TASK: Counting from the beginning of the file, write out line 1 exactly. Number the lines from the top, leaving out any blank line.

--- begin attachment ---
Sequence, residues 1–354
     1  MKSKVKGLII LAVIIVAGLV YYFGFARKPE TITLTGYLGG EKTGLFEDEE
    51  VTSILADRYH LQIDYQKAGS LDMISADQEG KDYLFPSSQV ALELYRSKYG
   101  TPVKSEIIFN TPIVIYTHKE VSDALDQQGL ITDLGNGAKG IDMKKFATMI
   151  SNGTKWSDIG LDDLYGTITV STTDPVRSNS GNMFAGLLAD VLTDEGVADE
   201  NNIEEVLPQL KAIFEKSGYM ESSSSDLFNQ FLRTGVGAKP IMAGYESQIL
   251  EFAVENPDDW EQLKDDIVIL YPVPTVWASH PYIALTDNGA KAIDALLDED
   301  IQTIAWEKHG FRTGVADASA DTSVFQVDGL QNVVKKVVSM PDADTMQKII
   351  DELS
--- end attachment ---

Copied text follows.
Sequence, residues 1–354